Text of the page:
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Publication numberUS5085236 A
Publication typeGrant
Application numberUS 07/637,320
Publication dateFeb 4, 1992
Filing dateJan 3, 1991
Priority dateJan 3, 1991
Fee statusPaid
Publication number07637320, 637320, US 5085236 A, US 5085236A, US-A-5085236, US5085236 A, US5085236A
InventorsBillie L. Odneal, Charles S. Seidel
Original AssigneeOdneal Billie L, Seidel Charles S
Export CitationBiBTeX, EndNote, RefMan
External Links: USPTO, USPTO Assignment, Espacenet
Dental floss machine
US 5085236 A
Abstract
A dental flossing attachment 10 which imparts oscillatory motion to a strand of dental floss 19 inserted between the teeth. The attachment is adapted to mount on a drive shaft 14 of an electric tooth brush. The attachment has a housing 11 which contains a supply spool 18 and a take-up spool 21. An advancing mechanism is provided whereby fresh floss 19 may be positioned between two prongs 16 at the end of the housing 11 by turning a knob 22 without the need for manual threading of the dental floss through grooves or eyelets. When fresh dental floss is exhausted, the used attachment 10 is removed from the drive shaft 14 and a new attachment 10 is snapped into its place.
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Claims(7)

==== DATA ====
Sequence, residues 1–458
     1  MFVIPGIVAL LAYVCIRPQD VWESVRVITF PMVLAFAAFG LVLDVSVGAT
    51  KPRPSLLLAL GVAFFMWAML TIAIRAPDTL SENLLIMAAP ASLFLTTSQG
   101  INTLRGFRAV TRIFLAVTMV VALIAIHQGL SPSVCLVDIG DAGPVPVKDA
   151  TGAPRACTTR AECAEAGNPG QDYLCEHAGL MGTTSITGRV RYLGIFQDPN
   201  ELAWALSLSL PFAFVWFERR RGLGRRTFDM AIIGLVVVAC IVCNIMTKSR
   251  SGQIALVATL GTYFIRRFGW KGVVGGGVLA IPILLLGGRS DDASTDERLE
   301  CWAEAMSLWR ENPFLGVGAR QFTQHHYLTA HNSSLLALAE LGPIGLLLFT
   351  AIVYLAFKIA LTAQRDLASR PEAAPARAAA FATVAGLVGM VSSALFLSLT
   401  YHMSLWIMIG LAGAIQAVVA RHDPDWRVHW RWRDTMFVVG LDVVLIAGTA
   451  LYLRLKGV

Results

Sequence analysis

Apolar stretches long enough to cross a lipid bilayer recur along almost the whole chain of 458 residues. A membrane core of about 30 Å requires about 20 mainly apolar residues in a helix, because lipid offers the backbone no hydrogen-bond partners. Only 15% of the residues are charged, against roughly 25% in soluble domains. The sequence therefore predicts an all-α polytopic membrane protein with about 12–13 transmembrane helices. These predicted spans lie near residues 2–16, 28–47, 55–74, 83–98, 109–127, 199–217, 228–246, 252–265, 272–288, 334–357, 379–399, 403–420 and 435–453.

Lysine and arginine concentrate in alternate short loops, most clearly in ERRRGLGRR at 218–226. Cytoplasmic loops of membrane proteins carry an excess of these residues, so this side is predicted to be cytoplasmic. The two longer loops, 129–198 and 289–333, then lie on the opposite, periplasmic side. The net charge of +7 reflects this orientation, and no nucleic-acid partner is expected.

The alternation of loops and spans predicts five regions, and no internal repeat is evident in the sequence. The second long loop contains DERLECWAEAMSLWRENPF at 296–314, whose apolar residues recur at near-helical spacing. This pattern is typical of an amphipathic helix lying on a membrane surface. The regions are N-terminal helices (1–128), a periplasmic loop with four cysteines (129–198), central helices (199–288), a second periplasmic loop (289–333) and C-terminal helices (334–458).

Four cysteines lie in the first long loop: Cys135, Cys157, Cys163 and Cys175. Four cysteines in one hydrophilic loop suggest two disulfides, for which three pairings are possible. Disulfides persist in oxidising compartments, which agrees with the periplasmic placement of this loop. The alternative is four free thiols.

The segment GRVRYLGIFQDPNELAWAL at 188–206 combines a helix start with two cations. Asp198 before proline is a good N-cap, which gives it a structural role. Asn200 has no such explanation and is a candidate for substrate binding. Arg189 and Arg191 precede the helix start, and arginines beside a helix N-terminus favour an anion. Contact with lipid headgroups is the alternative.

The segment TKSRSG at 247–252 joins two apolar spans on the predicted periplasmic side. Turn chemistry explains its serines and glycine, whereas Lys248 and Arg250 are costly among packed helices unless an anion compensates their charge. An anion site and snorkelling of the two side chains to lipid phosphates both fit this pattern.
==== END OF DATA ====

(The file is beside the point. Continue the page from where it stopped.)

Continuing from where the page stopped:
I claim:
1. A dental flossing attachment for a power toothbrush having an oscillating drive shaft comprising:
an elongated housing having a receptacle at a first end removably connected to the drive shaft;
a pair of spaced prongs at a second end of the housing;
a supply spool mounted for rotation about an axis on an intermediate portion of said housing between said first and second ends;
a take-up spool separately connected to said supply spool for rotation about said axis independently of said supply spool and being selectively locked to said supply spool;
a supply of dental floss wound around said supply spool and extending from said supply spool to said second end between said spaced prongs and to said take-up spool;
means for holding floss tightly between said pair of prongs wherein said supply spool is held against rotation; and
means located between a face of said take-up spool and said housing for biasing said take-up spool into engagement with said supply spool.
2. A dental floss attachment for a power toothbrush having an oscillating drive shaft comprising;
an elongated housing having a receptacle at a first end removably connected to the drive shaft;
a pair of spaced prongs at a second end of the housing;
a supply spool mounted for rotation about an axis on an intermediate portion of said housing between said first and second ends;
a take-up spool separably connected to said supply spool for rotation about the axis independently of said supply spool and being selectively locked to said supply spool;
a supply of dental floss wound around said supply spool and extending from said supply spool to said second end between said spaced prongs and to said take-up spool;
means operatively engaging said supply spool and said housing for resisting rotation of said supply spool with respect to said housing comprising at least one projection disposed on an annular portion of said housing, said at least one projection biased against an inside surface of said supply spool to develop holding pressures on said inside surface;
means operatively engaging said supply spool and said take-up spool for interlocking said take-up spool and said supply spool to selectively prevent rotation of said take-up spool with respect to said supply spool;